Automation & Efficiency

Designing an A+ Client Experience

I recently had the opportunity to co-lead a design thinking workshop at ABA Techshow titled “Designing an A+ Client Experience” and co-edited a book on the same topic. The reason the ABA has chosen to highlight this topic not once, but twice in the past month is because design thinking is a powerful process for improving client experience. In just five easy steps you can ensure that all legal and client services you offer add value and contribute to an A+ client experience.

What is design thinking?

According to the Interactive Design Foundation, “design thinking is a non-linear, iterative process that teams use to better understand their users, challenge assumptions, redefine problems and create innovative solutions to prototype and test”. Lawyers can use the design thinking process when designing new legal and client services for their target markets. The five steps are:

  1. Empathize: Research your Client’s Needs
  2. Define the Problem: A People-Centered Approach
  3. Ideate: How to Solve the Problem
  4. Prototype: Start to Create Solutions
  5. Test and Refine: Try your Solutions Out and Make Adjustments

A real-life example

So what does this look like in real life? Let me share a condensed version of the example we workshopped at TECHShow. My co-presenter and I created a fictitious law firm, A+ Legal, for demonstration purposes. A+ Legal helps clients navigate major life transitions in the areas of family, adoption, real estate, probate, and estate planning. 

Step 1: Empathize: Research your Clients’ Needs

The goal in this step is to take off your lawyer hat, set your assumptions aside, and step into the shoes of your target clients. We want to understand them, their needs, and what their experience with our law firm is like. We used three tools to help us do this: a buyer persona, a customer journey map, and a client survey. 

Step 2: Define the Problem: A People-Centered Approach

One of the questions we ask in our end-of-the-matter survey is “Is there anything we could have done to improve your experience with our firm”? Some feedback that we’ve received from a number of clients over the past year is that they’d like more options. To better understand this feedback, we schedule calls with five former clients who have shared that feedback. During our conversations, we use the five whys technique to get to the root of the problem. Through this process, we learn that clients want more options because they are on a budget and want to buy a legal service that is aligned with their legal needs and budget. 

We use this information to draft a problem statement that is in the following format:

[Person/people who are the center of the problem in a descriptive way] . . . needs [use a verb] . . . [your compelling insight].

Our initial problem statement is:

Our clients who are getting divorced want more legal service options because they are stressed about money and only want to pay for the legal services that they need.

This problem statement allows us to get super specific about the problem we are trying to solve for one of our target markets.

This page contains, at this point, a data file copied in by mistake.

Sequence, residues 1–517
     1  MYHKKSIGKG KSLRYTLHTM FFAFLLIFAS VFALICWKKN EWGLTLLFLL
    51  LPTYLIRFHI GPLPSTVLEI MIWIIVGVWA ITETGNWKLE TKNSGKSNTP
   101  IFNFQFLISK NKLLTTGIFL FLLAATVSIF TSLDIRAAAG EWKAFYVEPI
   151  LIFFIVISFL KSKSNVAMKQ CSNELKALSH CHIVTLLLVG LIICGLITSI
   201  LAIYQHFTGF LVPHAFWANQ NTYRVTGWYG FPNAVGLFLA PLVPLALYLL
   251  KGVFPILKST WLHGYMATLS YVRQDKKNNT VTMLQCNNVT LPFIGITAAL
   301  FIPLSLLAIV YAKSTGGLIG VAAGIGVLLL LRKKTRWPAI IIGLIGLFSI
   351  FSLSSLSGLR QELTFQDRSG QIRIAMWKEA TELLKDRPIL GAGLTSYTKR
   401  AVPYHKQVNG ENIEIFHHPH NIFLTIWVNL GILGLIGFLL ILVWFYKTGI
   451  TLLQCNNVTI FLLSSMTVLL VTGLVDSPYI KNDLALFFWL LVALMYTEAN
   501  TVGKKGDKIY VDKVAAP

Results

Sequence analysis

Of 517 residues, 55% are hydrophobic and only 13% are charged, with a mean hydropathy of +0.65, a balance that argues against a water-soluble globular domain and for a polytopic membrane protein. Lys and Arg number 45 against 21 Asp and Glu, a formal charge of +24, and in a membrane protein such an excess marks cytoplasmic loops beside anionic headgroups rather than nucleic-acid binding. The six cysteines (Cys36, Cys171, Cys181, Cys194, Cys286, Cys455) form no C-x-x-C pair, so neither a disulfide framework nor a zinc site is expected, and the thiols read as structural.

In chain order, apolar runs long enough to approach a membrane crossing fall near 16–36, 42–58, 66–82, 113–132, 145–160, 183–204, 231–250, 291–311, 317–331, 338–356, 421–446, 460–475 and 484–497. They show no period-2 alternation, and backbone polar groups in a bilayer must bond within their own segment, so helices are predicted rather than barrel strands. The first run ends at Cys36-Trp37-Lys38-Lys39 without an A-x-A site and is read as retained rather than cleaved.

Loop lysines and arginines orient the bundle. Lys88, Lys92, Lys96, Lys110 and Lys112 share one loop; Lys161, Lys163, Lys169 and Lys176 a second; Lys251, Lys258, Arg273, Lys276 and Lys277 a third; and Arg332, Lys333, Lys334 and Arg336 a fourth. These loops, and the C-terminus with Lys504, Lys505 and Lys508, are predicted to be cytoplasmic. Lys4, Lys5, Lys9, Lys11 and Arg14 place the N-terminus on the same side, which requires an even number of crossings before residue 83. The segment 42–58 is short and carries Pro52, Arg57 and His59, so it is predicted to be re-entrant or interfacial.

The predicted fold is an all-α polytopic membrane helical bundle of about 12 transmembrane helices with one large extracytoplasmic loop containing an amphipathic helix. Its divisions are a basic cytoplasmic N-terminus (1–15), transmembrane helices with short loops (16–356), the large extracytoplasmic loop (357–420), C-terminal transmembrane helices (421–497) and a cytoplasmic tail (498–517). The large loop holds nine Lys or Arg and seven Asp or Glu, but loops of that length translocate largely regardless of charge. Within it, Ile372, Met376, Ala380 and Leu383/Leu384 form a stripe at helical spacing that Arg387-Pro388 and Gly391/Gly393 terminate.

Step 3: Ideate: How to Solve the Problem

After we draft our problem statement, we start brainstorming potential solutions. Before we get started though, we first make sure that we’re set up in a space that inspires creative thinking and that we have all the necessary people in the room.

A few potential solutions our team generates are to offer an unbundled service or tiers of services, offer set fees so the client can budget in advance, and offer payment plans.

Step 4: Prototype: Start to Create Solutions

We decide that the solution we are going to try out first is to offer an unbundled service: a comprehensive consultation during which we offer legal advice, draft the initial documents, and provide a roadmap for the client to handle the rest of the case on their own. Before we put time and effort into drafting a new engagement agreement and taking any other steps needed in preparation for offering this new service, we’d like to test our assumption that this service will be valuable to our target clients. To answer this question, we draft a description of the service and outline all of the value the clients will receive. We then run this by the five clients we spoke with previously. If the feedback is positive, we can offer the service as an option to clients moving forward. If the feedback is negative, it’s back to the drawing board and time to choose a different solution to test out.

Step 5: Test and Refine: Try your Solutions Out

The final step is to identify metrics that will help us understand if our solution is working. We decide that an effective way to do this will be to track the percentage of clients who purchase this service and then subsequently share positive feedback in response to questions about the effectiveness and price in the end-of-the-matter client survey. If five percent of target clients purchase the service and offer positive feedback, we’ll continue to offer the service. If they do not purchase the service or if the feedback is negative, we will continue to talk with clients to better understand the problem and make adjustments as needed.

Tips for getting started

The best way to get started is to carve out time for designing thinking and to start small. Consider creating a standing monthly or quarterly meeting during which you review client feedback and problem-solve using design thinking principles. Each time, just pick one potential solution to the workshop.

Interested in connecting with other like-minded folks to talk more about design thinking? Join our Positive Connection Network.